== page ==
But there appears to be no plans to give Col. Jackson any backup. He has been working closely with Mr. Edney, but without U.S. citizenship, Mr. Edney can’t represent Mr. Khadr in Guantanamo Bay.
In court this week, Col. Jackson appeared to be holding his own against a four-person prosecution team – both convincing military judge Colonel Patrick Parrish to grant most of his requests to exclude jurors he deemed problematic and casting doubt on the testimony of the prosecution’s first two witnesses Thursday.
Mr. Edney declined to comment on the evidence the first witnesses brought forward this week. But he said Mr. Khadr seems more willing to participate in a trial grinding slowly forward despite his lawyers’ efforts to prevent it entirely.
“It’s every day at a time. We’ve spent a lot of time trying to reassure Omar, to control his fear of the process. And he’s very interested.”
The long and twisted road to trial for Omar Khadr
July 27, 2002: Omar Khadr is taken into U.S. custody after a firefight in a village near Khost, in eastern Afghanistan.
October, 2002: Mr. Khadr, now 16, is transferred to Guantanamo Bay. No charges laid yet, but U.S. officials allege he killed U.S. Sergeant 1st Class Christopher Speer.
November, 2005: U.S. government formally charges Mr. Khadr, now 19, with conspiracy, murder, attempted murder and aiding the enemy.
January, 2006: Mr. Khadr makes his first court appearance, wearing a Roots Athletics T-shirt.
June/July, 2006: U.S. Supreme Court declares Guantanamo military commissions process illegal, effectively dismissing ongoing charges – including Mr. Khadr’s. The Bush administration mulls creating special terrorism courts.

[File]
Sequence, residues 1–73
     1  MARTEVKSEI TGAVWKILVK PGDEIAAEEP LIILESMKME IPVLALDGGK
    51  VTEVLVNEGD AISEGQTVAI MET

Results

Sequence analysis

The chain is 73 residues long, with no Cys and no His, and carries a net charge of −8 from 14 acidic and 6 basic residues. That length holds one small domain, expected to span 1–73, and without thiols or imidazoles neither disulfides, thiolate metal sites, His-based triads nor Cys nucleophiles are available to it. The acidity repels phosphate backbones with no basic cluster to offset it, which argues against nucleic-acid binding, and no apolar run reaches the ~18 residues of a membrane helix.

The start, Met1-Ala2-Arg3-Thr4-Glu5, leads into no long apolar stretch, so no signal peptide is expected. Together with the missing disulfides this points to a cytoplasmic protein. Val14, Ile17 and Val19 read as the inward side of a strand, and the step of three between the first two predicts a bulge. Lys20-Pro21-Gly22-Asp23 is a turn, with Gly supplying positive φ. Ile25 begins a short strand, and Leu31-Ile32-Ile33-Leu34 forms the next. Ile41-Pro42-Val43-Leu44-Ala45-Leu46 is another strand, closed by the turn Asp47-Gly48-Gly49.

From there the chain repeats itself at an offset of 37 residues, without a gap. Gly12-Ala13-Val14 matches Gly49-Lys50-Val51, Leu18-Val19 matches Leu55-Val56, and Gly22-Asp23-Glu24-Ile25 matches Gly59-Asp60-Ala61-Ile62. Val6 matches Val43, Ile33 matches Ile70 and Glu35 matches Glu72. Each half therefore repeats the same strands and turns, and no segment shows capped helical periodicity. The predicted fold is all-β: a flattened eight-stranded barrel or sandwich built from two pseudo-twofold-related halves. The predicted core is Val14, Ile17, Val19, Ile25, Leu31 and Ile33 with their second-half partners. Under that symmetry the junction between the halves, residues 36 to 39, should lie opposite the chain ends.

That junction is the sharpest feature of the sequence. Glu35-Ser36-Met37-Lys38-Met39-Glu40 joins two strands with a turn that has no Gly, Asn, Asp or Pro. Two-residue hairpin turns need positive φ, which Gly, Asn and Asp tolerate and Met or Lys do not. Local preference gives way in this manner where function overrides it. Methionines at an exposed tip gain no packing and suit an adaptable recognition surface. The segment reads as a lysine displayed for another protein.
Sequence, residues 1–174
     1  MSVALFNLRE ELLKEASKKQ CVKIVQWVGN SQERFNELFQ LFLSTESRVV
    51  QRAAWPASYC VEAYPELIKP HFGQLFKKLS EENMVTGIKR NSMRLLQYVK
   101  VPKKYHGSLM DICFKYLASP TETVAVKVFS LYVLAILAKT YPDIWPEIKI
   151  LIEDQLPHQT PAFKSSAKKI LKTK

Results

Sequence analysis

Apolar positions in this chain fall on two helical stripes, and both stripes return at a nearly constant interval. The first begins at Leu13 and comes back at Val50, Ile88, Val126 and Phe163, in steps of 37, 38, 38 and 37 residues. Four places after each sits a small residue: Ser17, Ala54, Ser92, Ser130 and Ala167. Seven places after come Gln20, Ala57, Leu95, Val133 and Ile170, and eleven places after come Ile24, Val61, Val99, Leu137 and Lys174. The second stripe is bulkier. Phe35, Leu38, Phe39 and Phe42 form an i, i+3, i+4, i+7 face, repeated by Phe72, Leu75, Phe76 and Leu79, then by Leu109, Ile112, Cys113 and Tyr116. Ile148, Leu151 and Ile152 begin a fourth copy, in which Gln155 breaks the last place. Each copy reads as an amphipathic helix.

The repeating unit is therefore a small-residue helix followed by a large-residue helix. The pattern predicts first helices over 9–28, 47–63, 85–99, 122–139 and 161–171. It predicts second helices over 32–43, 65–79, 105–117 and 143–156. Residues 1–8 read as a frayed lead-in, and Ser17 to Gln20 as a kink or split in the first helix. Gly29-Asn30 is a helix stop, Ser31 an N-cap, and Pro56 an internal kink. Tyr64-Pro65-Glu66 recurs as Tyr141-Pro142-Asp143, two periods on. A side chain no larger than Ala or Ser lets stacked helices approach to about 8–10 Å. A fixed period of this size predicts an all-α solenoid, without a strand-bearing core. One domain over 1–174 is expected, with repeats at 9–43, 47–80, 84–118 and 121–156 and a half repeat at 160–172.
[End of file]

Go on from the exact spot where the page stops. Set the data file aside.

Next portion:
February, 2007: New charges filed against Mr. Khadr, including murder, attempted murder and material support for terrorism.
June, 2007: Military judge dismisses all charges against Mr. Khadr in what would have been the beginning of the 20-year-old’s trial, saying the prosecution failed to label him an “unlawful” enemy combatant.
September, 2007: U.S. military appeals court sides with government, reinstates all charges against Mr. Khadr.
November, 2007: Trial set to start when Mr. Khadr’s defence team discloses a secret witness whose testimony, they argue, casts doubts on whether Mr. Khadr was an unlawful combatant.
February-December, 2008: Khadr case back in court and mired in multitudinous pretrial motions as defence feuds with government on access to information and the validity of the charges themselves. Trial date pushed back multiple times.
January, 2009: Newly inaugurated U.S. President Barack Obama requests 120-day adjournment of all Guantanamo war commissions proceedings as he announces the closing of Guantanamo Bay within a year.
November, 2009: Mr. Obama unveils revived, revamped process for war commissions.
April/May 2010: Hearings continue into pretrial motions, this time regarding the admissibility of evidence Mr. Khadr’s lawyers argue was obtained through torture.
July, 2010: Pretrial hearings pushed back when Mr. Khadr fires civilian U.S. lawyers.
August, 2010: Pretrial motions end. Jury selected. Opening arguments made.
Anna Mehler Paperny